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A rare neuromuscular disease most often found in humans is now turning up in dogs, veterinarians say. 

Two-year-old Goldendoodle Joy is a burst of happiness and personality and her owners, Lois and Ed Rinehimer, absolutely adore her .

"Joy is Joy she fits her name perfectly,” Lois says.

Just a year ago, Joy was not able to get around as much because of a disease called Myasthenia Gravis (MG). Dr. Catherine Crook with Charleston Veterinary Referral Center diagnosed Joy with the disease, which effects the nervous system in about 1 in 1000 dogs.

Try these five recipes for bland diets when your pooch is having tummy troubles.
Amy Kuras, Contributor 
 

Many dogs have sensitive stomachs -- and even those with digestive systems of steel sometimes ingest something they shouldn't, leading to vomiting and diarrhea. A bland diet for dogs may help comfort your best friend during these uneasy times.

Your dog ate something dangerous. The vet says to induce vomiting. Here's how to do it.
Margie Mars, Contributor
 

It's probably safe to say that learning how to make a dog vomit isn't on top of your list of priorities. But it's an essential lifesaving skill for all dog parents. "Dogs will be dogs and that means that most will misbehave given the opportunity," says veterinarian Dr. Marisa Scott of Charleston Veterinary Referral Center in South Carolina. "Dogs love to eat things they shouldn't, and this includes items that are toxic and potentially fatal." Chocolate, for example, is extremely harmful for dogs.

Charleston Veterinary Referral Center has named Sophy A. Jesty head of the hospital's cardiology department.  Jesty, a board-certified veterinary cardiologist, has spent 10 years in the field of veterinary cardiology and has extensive experience in electrocardiographic and radiographic interpretation and cardiac ultrasonography.  She earned her Doctorate of Veterinary Medicine from Cornell University in 2001.  From 2001 to 2003, she was a fellow in large-animal cardiology at New Bolton Center at the University of Pennsylvania, where she also completed her large-animal internal medicine residency.

Dr. Sophy A. Jesty has joined Charleston Veterinary Referral Center as leader of the cardi- ology department. She has 10 years of experience. Previously, she was an associate professor of cardiology at the University of Tennessee College of Veterinary Medicine, and was staff cardiologist and medical director at a private referral hospital in New York City. She has a doc- torate in veterinary medicine from Cornell University.

Officials from the Charleston Veterinary Referral Center (CVRC) recently launched a corporate partnership with Pet Helpers, a not-for-profit, no-kill shelter, adoption center, and spay and neuter clinic on James Island, South Carolina. 

The center will give the shelter financial backing, and will work with shelter staff to offer free emergency and specialized services to pets being cared for there. 

The CVRC is a longtime supporter of Pet Helpers. With the new partnership, animals at Pet Helpers will have even more of CVRC's resources available to them. 

The Charleston Veterinary Referral Center (CVRC) – a premier advanced-care veterinary hospital in the region – is pleased to announce its continued expansion with the appointment of board-certified veterinary cardiologist Sophy A. Jesty, DVM, DACVIM.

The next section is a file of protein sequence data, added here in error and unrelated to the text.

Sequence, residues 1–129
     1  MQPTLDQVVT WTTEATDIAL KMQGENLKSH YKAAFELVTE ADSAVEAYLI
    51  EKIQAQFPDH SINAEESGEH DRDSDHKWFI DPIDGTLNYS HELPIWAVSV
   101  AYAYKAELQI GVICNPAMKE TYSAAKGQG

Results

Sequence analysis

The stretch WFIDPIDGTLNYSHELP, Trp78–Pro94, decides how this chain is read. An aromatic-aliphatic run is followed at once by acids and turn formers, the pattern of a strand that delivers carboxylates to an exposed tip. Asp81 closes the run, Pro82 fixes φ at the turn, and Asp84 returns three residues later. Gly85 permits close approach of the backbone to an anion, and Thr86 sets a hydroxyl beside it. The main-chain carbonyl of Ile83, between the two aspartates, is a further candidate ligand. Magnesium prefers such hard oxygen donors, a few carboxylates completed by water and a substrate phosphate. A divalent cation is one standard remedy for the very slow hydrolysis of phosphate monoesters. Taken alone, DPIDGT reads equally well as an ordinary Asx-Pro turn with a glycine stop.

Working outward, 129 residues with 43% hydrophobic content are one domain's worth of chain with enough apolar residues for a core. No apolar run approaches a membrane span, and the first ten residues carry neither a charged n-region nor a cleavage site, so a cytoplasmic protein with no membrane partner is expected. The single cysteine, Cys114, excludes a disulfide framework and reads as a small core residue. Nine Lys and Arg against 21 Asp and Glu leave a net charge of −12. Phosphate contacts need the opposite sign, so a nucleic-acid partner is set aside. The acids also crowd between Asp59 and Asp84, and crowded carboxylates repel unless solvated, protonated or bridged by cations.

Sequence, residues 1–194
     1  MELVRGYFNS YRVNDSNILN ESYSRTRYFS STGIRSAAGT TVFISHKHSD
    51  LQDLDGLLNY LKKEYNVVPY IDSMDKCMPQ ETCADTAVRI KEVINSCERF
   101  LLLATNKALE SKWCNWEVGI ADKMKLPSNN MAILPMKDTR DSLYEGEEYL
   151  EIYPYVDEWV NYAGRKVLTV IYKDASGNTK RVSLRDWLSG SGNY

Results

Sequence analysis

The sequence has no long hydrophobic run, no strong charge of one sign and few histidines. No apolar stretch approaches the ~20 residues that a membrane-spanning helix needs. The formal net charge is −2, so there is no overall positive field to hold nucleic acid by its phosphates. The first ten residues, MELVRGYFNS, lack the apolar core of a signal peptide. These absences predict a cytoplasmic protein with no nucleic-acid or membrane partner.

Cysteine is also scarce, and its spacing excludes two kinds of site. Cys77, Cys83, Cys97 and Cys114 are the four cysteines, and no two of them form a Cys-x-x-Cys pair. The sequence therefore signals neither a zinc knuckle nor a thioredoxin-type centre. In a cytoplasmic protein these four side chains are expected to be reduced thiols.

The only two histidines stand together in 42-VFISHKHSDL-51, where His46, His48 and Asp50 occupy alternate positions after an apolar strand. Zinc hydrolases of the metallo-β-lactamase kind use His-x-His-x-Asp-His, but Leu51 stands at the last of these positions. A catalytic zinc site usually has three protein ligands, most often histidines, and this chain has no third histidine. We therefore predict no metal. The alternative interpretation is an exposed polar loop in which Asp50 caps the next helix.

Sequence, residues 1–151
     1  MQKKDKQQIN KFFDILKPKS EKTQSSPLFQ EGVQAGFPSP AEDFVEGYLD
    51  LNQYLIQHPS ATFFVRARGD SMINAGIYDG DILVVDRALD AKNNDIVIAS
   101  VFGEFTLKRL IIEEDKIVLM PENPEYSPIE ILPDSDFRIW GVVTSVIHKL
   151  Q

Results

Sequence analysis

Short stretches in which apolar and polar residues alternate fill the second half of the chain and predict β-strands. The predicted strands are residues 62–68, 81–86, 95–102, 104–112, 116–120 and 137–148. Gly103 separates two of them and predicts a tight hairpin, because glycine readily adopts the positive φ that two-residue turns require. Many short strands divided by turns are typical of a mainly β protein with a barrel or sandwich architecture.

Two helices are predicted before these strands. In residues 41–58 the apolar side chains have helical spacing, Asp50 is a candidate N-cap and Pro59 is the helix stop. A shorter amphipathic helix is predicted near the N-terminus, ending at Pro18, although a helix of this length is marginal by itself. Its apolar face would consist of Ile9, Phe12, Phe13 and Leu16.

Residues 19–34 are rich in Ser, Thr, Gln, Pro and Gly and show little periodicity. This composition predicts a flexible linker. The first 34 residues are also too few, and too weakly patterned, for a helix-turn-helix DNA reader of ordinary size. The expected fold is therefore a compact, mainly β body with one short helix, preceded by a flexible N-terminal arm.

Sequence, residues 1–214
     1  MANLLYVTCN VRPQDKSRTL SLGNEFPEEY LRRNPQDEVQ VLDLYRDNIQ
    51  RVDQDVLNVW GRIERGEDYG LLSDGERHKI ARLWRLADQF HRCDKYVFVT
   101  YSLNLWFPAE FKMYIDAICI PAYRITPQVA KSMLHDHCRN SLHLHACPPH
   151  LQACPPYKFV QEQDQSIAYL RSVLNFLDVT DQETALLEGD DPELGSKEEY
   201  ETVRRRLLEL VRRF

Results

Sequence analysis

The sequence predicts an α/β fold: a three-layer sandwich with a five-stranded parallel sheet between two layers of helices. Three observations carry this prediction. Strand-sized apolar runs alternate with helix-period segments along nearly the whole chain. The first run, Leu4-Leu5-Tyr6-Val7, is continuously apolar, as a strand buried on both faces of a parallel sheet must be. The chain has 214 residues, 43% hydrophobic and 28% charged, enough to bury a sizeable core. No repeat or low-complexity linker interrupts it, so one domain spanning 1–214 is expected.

Dr. Jesty has spent 10 years in the field of veterinary cardiology and has extensive experience in electrocardiographic and radiographic interpretation and cardiac ultrasonography. She has also completed hundreds of catheterization lab procedures such as pacemaker implantation, heartworm retrieval, PDA closure, and balloon dilation valvuloplasty. In addition to clinical cardiology, Dr. Jesty has an interest in exercise physiology, as it relates to the cardiac system.

CHARLESTON, S.C. (August 4, 2015) – The Charleston Veterinary Referral Center (CVRC) – a premier advanced-care veterinary hospital in the region – is pleased to announce its continued expansion with the appointment of board-certified veterinary cardiologist Sophy A. Jesty, DVM, DACVIM. As of July 28, Jesty is now leading the hospital’s Cardiology Department.

Charleston Veterinary Referral Center's Neurologist, Dr. Katherine Crook, was featured on The Pet Place Radio segment.  She was interviewed about an uncommon disease called Myasthenia Gravis, which affects both dogs and people causing musculoskeletal abnormalities.   Dr. Crook discussed the disease process including; clinical signs, breed predilections, diagnostics and treatments.  Also on the radio show were the pet parents of a dog named Joy, who suffered from this affliction and was diagnosed and treated by Dr. Crook.  Please take a listen to learn about this interesting disease process. 

Listen Here

Charleston Veterinary Referral Center had many goals when we opened our doors 4 ½ years ago.  The most obvious was to provide the highest level of medical and surgical care, in an environment that put a large emphasis on client experience.  Additional goals included providing education to area veterinarians, veterinary technicians (veterinary nurses) and the pet owning public.  We also wanted to ensure we gave back to the community in a variety of ways.  One of those ways was working with local shelters and rescue groups, to help pets in need when financial resources would not allow for emergency or specialty care.  To further our commitment to help these animals in need, CVRC has recently entered into a corporate partnership with Pet Helpers

pet helpers

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